I apologize; I did not try to twist your words. In fact, I cut and pasted them without comment. Perhaps i should used the term “response” instead of “retort.”

    I had no way of knowing that you disagree with the NRC when you’re reporting the commission’s recommendations. As you say, the differences are apparent and your meanings also are apparent.

    Whether your concept or the NRC’s, the full-throated endorsement of “public outreach and education” by staff is a little disingenuous. The success of this ordinance is imbedded in–and success will be measured on–the penalties and the threat of penalties.

    Although you’ve avoided answering important questions, at this point, it looks as though the claim of lack of success of public education and voluntary compliance relies completely on a flawed study by biased participants and the disregard of the city data that was supposed to be considered,

  61. JustSaying

    “It seems very unlikely that their names would be made public, for any number of reasons.”

    Interesting, and why would could these reasons be?

    How can one tell if there really seven volunteers or, perhaps, two filing an average of 140 complaints each?

    I’ll bet David could get them with a public records request for the city complaint log. It would be helpful to know the extent of the complaints filed by citizens other than these seven.

    In fact, it would be unnecessary to have the names if these volunteers want to be anonymous. I’d guess there aren’t any other people who filed 25 or 40 or more complaints. If the NRC doesn’t want to reveal whether anybody filed complaints other that the seven devoted to filing in order to skew the data, we could find the facts by process of elimination.

    Have the volunteers’ names really been confidential?

  62. Growth Izzue

    [quote]It seems very unlikely that their names would be made public, for any number of reasons. [/quote]

    Then what good is the study? We do know that one of the seven is or was a member of the NRC. How do we know that 5 of the other 6 aren’t the one’s who submitted most of the complaints the first time around? Are we going to have an ordinance go into law based on seven anomynous loggers?

  63. SouthofDavis

    Frankly wrote;

    > But of course you know David’s only frustration was
    > that I caused him to have to do a Google search to
    > figure out a way to discount the study.

    I bet if I posted that a guy named Galileo says the earth is round David would respond “sure but is studies are over 400 years old”…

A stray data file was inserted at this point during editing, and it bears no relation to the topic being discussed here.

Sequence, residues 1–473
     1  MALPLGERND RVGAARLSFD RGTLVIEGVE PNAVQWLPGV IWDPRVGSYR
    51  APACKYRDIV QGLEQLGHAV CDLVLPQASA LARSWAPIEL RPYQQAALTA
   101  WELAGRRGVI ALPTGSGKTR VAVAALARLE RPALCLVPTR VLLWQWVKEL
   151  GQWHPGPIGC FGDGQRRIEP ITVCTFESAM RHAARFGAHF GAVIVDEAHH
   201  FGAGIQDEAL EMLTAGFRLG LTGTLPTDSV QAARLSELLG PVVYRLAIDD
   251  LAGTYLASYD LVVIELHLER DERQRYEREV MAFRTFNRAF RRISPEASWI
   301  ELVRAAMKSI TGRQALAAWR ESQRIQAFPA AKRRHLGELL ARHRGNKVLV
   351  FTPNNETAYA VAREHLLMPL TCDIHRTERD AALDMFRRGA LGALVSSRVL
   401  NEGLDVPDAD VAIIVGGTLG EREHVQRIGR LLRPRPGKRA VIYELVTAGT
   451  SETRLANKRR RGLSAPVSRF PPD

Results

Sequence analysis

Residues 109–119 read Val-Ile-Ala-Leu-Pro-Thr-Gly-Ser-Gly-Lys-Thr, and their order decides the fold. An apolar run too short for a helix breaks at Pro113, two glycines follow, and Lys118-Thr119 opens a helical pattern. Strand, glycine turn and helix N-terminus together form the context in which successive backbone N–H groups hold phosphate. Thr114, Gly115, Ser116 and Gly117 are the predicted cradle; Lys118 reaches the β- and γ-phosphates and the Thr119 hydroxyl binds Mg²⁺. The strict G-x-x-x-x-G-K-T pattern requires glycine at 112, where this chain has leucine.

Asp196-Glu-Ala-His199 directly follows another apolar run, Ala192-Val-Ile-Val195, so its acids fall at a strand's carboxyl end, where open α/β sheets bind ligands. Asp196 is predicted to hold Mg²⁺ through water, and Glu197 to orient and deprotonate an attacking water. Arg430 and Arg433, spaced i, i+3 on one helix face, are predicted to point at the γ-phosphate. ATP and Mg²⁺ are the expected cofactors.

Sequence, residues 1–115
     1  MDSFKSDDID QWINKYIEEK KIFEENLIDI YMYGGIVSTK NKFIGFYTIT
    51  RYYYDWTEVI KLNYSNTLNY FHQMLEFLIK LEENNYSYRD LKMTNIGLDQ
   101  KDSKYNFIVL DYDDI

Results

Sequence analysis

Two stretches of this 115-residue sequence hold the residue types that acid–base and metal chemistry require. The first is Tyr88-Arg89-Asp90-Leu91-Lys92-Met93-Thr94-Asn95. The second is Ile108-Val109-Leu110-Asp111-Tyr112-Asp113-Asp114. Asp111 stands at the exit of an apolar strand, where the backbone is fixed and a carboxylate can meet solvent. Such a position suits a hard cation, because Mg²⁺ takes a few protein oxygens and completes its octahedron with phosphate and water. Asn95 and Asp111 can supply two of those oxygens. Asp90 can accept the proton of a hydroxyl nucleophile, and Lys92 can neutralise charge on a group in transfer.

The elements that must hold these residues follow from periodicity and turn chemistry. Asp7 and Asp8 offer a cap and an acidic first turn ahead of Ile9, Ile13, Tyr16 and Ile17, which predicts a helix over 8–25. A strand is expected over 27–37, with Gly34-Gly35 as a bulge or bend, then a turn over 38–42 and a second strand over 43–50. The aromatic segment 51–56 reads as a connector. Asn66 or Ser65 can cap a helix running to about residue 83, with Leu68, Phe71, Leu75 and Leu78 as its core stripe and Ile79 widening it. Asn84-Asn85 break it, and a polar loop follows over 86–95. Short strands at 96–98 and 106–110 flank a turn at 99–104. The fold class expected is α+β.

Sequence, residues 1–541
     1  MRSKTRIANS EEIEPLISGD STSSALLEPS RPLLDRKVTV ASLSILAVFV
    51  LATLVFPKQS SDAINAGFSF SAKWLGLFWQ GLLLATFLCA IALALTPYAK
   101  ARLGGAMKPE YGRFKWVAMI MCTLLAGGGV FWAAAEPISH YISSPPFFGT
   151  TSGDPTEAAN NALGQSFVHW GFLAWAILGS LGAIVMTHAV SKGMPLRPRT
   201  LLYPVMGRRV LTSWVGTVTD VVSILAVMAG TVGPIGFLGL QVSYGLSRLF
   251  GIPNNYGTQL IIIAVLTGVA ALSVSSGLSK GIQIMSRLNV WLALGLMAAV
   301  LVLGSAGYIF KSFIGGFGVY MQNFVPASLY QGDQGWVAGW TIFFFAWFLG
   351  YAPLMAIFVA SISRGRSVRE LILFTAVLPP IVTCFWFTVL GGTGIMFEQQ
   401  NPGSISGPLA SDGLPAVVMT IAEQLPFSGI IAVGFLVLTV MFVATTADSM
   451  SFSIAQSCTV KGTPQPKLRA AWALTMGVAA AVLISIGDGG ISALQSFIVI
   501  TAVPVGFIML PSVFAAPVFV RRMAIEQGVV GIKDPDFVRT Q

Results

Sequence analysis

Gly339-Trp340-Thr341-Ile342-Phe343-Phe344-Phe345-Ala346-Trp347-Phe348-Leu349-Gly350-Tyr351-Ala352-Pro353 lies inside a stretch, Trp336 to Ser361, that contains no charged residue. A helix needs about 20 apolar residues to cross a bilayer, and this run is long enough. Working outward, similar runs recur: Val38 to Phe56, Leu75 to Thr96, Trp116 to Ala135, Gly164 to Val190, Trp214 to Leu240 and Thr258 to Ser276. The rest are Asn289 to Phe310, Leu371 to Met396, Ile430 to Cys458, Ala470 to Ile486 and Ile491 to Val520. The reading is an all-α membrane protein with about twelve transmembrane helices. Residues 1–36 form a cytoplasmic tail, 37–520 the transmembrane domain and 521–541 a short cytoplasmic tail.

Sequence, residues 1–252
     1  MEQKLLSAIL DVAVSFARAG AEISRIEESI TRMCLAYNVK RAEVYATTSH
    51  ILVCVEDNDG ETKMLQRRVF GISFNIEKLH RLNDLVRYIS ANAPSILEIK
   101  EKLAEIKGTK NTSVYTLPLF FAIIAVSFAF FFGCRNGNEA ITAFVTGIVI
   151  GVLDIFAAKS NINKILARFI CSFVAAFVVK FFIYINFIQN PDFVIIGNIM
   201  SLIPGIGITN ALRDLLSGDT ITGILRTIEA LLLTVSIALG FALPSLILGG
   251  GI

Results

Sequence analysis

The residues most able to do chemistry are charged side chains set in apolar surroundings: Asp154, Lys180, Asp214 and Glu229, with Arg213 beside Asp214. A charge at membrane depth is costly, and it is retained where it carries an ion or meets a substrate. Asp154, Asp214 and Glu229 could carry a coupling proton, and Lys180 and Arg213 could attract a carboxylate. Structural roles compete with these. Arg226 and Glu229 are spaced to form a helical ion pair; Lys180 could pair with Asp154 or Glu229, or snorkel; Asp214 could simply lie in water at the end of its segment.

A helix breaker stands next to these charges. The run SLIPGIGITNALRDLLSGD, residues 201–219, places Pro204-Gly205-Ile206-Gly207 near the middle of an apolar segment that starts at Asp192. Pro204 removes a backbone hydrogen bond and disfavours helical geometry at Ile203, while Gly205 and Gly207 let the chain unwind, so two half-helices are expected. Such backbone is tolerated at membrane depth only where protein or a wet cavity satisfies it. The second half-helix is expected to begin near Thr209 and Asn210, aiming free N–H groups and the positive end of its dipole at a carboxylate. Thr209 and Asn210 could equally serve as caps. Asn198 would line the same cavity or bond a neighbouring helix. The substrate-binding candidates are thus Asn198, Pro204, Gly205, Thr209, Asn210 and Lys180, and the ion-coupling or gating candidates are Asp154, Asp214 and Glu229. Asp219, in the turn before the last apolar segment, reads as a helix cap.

64. Growth Izzue

    [quote]I bet if I posted that a guy named Galileo says the earth is round David would respond “sure but is studies are over 400 years old”… [/quote]

    LMAO

  65. medwoman

    [quote]Once again, can you please reply?
    Can we have the names of the people involved in the logging? [/quote]

    Interesting that neither poster demanding the names of the volunteers is posting under their own name.

  66. Growth Izzue

    [quote]Interesting that neither poster demanding the names of the volunteers is posting under their own name. [/quote]

    That’s so wrong and you know it. I’m not part of a group of seven that logged when “they were exposed to wood smoke at their homes and their qualitative assessment of the severity of the exposure”. I think since their findings are subjective and will help determine a law that we all have to live by we at least should be able to know their names and then we can make our own assessments as to their possible agendas.

    Would you like it Medwoman if a study was done on fluoridation by only seven anomynous people that were chosen by an anti-fluoride committee?

  67. Mr.Toad

    I am an anonymous poster on a blog not somebody getting citations issued. How could this work without the witness providing testimony? All this is going to do is cause even greater disharmony among neighbors unless law enforcement goes out, observes the violation and issues the citation this is a recipe for a situation that could lead to horrible confrontations between neighbors. The council would be well advised to not pit neighbor against neighbor in this manor. It could lead to violence as proposed.